I like to collect resources and I love sharing them. There's a lot to be said for a good food resource. I have six I would like to share with you today. Three are vegetarian/vegan sites. I am not a vegetarian. I like meat. I practically live on eggs and cheese. But I can appreciate a good vegetarian dish. I like the complexity of flavors when you take away the meat and cheese. Learning new ways to cook greatly helps the budget. If you stick with the same ole, same ole, you risk not having a balanced diet. More importantly, you risk boredom. With boredom comes poor choices.
I will warn you that many vegetarian sites are politacally motivated. They seek to change food practices. This is not a bad thing but I don't expect everyone to agree with everything posted. Don't get offended but look further into the topic or ignore it all together. Me, I do a combination of the two. I like knowing what's happening in the food world. It affects how I shop but, also, it helps me to plan better. For example, the current Listeria bacteria affecting canteloupe tells me that canteloupe shouldn't be on my shopping list. The canteloupe in the market may be perfectly safe but a massive recall will drive the price up.
So onto the resources
Vegsource is a great resource for all things vegetarian. This will be a great help for those who have friends or family who are vegetarian. It talks all thing political and environmental as well as offers recipes. I will say the recipes require a bit of a search to find (I linked up the site to the best start) but they are there. Check out the recipe for chocolate hummus - man I am so there.
Vegetarian Nutrition is a fairly new website and the content is slow coming but their focus is on nutrition instead of the politics for vegetarians. It's a nice easy website that offers information about food and how to incorporate good nutrition into a vegetarian lifestyle. There are a few recipes but as I said the content is slow coming.
Gone Raw is all recipes and no articles. All the foods are vegan and uncooked (a few dehydrated recipes are included). Raw foods are making a big splash in food trends. The concept is that by not cooking the food you are retaining more nutrients. What I like best is the creativity of the recipes. There are some great snack ideas and awesome desserts. We've played with some recipes. The nice thing is they are naturally gluten-free as well making them a great resource for those with gluten issues. (they are also dairy free)
Stepping away from vegetarian eating, there are three resources that I have found that sound like they could be excellent sources of information.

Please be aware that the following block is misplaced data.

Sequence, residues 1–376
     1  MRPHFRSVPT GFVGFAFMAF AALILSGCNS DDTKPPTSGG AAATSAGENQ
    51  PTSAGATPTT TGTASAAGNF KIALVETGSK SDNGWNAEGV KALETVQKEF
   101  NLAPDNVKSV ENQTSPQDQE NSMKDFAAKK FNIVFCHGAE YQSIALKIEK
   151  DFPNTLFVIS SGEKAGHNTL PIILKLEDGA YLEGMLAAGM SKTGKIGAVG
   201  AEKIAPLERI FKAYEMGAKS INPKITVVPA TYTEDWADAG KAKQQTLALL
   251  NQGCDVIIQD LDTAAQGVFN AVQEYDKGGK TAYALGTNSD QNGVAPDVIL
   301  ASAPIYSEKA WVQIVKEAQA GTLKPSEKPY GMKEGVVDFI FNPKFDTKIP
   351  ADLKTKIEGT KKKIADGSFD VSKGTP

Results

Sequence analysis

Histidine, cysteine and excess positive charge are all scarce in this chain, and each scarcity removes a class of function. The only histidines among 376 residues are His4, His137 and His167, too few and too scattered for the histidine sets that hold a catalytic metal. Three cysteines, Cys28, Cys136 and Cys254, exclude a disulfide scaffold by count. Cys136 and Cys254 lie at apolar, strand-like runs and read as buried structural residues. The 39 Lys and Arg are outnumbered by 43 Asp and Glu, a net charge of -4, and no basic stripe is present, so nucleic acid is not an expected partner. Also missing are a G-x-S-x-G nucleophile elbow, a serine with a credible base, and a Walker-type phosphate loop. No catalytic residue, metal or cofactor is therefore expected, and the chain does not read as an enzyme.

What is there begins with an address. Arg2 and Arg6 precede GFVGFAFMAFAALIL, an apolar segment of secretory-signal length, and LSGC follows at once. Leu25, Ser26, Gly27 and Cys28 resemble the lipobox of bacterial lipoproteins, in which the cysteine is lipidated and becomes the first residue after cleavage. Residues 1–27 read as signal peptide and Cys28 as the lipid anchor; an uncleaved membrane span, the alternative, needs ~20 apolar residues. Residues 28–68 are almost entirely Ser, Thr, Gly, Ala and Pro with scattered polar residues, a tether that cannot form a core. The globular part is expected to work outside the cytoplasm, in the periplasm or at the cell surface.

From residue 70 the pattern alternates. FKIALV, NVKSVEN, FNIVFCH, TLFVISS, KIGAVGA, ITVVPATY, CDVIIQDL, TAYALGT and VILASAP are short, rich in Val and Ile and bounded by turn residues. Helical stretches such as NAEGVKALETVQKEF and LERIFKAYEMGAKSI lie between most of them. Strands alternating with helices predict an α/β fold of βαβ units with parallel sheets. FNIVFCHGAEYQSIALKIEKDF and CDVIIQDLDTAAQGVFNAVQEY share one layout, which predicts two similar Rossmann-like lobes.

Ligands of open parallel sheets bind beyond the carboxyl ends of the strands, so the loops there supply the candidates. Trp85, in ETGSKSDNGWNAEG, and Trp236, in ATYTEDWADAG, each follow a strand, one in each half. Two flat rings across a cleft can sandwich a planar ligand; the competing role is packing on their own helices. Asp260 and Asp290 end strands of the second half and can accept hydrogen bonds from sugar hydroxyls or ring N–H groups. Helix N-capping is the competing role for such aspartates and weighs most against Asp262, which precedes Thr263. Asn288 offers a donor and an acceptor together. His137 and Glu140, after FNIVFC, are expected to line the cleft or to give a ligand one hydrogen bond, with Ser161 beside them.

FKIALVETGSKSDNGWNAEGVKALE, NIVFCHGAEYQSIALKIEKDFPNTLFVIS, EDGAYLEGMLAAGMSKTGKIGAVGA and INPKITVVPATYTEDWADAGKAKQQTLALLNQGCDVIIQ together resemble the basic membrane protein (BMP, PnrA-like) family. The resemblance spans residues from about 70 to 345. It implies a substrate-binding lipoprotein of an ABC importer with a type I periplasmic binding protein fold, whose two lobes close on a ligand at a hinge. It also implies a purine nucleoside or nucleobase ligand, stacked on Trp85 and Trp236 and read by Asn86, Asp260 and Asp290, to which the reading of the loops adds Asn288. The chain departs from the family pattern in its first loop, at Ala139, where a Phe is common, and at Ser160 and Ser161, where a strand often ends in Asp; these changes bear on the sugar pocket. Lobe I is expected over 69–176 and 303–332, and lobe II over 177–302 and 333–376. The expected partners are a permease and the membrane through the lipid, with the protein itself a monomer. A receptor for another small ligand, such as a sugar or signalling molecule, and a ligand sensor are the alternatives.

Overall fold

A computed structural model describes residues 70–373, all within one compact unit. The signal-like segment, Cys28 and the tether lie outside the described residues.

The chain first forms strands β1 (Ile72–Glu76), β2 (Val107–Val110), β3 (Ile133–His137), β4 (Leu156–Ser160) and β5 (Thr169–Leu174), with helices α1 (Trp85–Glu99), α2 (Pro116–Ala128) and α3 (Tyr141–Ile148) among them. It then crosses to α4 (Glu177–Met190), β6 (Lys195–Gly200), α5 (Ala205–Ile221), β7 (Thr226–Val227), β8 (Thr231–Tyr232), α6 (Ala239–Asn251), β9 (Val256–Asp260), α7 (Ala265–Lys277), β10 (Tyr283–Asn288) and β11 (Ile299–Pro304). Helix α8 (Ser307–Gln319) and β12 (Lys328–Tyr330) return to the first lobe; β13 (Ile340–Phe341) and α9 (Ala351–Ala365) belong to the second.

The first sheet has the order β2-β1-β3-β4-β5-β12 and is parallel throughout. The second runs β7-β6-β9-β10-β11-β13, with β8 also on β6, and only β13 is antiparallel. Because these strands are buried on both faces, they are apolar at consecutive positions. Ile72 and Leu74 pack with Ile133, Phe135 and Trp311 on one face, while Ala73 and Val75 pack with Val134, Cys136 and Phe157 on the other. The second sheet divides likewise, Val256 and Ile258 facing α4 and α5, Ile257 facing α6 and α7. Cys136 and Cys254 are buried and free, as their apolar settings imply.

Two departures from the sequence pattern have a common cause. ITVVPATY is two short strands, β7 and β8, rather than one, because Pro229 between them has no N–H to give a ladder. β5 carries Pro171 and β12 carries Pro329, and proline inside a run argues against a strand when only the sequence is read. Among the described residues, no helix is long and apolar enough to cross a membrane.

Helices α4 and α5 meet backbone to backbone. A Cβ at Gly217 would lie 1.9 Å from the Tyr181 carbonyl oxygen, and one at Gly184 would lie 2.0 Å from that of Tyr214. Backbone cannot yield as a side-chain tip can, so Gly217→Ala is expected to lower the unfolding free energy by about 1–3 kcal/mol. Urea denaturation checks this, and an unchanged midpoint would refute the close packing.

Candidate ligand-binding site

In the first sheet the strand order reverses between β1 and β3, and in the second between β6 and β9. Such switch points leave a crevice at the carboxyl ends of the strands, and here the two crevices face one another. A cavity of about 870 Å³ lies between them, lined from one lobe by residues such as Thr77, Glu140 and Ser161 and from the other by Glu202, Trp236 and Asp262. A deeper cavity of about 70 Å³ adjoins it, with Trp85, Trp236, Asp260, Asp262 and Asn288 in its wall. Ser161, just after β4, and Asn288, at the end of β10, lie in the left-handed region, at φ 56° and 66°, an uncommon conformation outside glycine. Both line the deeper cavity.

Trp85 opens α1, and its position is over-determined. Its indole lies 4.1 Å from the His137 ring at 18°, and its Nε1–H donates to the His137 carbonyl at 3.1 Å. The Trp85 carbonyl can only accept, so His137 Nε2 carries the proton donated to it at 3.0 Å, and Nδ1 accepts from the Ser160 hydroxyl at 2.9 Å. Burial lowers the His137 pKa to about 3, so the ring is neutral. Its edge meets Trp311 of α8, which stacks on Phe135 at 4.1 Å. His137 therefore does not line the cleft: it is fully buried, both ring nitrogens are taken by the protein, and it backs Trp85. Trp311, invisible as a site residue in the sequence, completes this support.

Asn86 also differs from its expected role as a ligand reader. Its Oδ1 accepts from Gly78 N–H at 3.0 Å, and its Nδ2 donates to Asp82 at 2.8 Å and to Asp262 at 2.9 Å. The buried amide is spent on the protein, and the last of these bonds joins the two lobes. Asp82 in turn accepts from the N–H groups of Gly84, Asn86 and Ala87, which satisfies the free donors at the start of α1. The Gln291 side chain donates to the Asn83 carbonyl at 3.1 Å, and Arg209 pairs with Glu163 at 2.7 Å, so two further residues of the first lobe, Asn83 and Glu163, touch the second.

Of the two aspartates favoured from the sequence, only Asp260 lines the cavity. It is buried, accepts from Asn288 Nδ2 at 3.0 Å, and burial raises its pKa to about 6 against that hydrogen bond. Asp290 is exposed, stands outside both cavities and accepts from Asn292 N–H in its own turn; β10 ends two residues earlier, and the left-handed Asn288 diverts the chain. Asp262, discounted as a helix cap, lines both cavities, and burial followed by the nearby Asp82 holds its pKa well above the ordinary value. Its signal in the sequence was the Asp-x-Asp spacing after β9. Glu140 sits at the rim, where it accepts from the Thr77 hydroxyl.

Fooducate is actually an app for those who have cell phones that can use apps. Scan the barcode of the product you wish to purchase in the store and Fooducate will give you information on that food. They grade foods based on nutrition and additives. Those with low grades come with healthier alternatives. (I don't have a cell phone so this won't work for me).
However, their blog is available to anyone with an internet connection and they have fun recipes.
Shopwell is similar to Fooducate but it's a website program not one for your phone. You register for Shopwell (it's free) and then input information about yourself. You can select from a variety of dietary needs from diabetes to athletic training. Then you choose things you want in your diet such as high calcium, whole grains and things you don't want like preservatives, trans fats, sugar. Then you start "shopping". I put in instant oatmeal for my first attempt. What I got was two pages of varieties of instant oatmeal that came with a color/number code. Products with a red dot and low number did not meet the criteria I set, yellow was okay but not the best, and green meant it fit perfectly. It didn't take long for me to see what the best choices were. This is great when you don't have time at the store to read all the labels. You can "shop" at home and have a perfect list. This doesn't include prices which would make it perfect but it does allow for a better understanding of the foods you want or do not want to include in your diet. One thing you can do is rate what you already buy and see how it fits in the diet you want to have.
Last resource for today is Shelf Life Advice. This site will answer all those questions you have about how long is too long for a food. Most of the time, I don't have a lot of worries because most things are obvious when they go bad but the one thing that freaks me out is mayo. I never feel confident about mayonaise. I will eat frostburnt meat that has been in my freezer longer than my son has been alive but mayo scares me. A quick search and I learned that commercial mayo can still be safe after 4 months open in the fridge or 30 days after the expiration date but that is for better quality. There was no mention that one can die from a long opened jar of store bought mayo which strangely is a relief.